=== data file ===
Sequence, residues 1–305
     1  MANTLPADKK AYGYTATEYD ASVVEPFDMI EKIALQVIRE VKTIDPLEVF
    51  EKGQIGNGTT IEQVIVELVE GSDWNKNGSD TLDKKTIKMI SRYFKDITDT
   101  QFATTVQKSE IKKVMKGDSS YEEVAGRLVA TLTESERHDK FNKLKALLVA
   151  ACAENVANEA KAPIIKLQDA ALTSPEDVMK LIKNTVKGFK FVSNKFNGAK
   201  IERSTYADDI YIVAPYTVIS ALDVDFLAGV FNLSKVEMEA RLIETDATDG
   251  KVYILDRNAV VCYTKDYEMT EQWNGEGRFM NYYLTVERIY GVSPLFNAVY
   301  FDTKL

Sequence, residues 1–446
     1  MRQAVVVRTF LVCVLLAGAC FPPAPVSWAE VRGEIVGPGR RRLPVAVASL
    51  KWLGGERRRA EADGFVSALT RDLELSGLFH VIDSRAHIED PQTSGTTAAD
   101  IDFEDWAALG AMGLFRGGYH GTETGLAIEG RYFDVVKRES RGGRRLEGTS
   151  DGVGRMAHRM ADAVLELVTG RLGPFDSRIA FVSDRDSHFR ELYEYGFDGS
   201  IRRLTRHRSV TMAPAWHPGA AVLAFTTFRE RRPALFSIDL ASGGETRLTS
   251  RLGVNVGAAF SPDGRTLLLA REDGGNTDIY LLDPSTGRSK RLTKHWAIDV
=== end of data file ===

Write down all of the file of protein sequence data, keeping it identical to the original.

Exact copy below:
Sequence, residues 1–305
     1  MANTLPADKK AYGYTATEYD ASVVEPFDMI EKIALQVIRE VKTIDPLEVF
    51  EKGQIGNGTT IEQVIVELVE GSDWNKNGSD TLDKKTIKMI SRYFKDITDT
   101  QFATTVQKSE IKKVMKGDSS YEEVAGRLVA TLTESERHDK FNKLKALLVA
   151  ACAENVANEA KAPIIKLQDA ALTSPEDVMK LIKNTVKGFK FVSNKFNGAK
   201  IERSTYADDI YIVAPYTVIS ALDVDFLAGV FNLSKVEMEA RLIETDATDG
   251  KVYILDRNAV VCYTKDYEMT EQWNGEGRFM NYYLTVERIY GVSPLFNAVY
   301  FDTKL

Sequence, residues 1–446
     1  MRQAVVVRTF LVCVLLAGAC FPPAPVSWAE VRGEIVGPGR RRLPVAVASL
    51  KWLGGERRRA EADGFVSALT RDLELSGLFH VIDSRAHIED PQTSGTTAAD
   101  IDFEDWAALG AMGLFRGGYH GTETGLAIEG RYFDVVKRES RGGRRLEGTS
   151  DGVGRMAHRM ADAVLELVTG RLGPFDSRIA FVSDRDSHFR ELYEYGFDGS
   201  IRRLTRHRSV TMAPAWHPGA AVLAFTTFRE RRPALFSIDL ASGGETRLTS
   251  RLGVNVGAAF SPDGRTLLLA REDGGNTDIY LLDPSTGRSK RLTKHWAIDV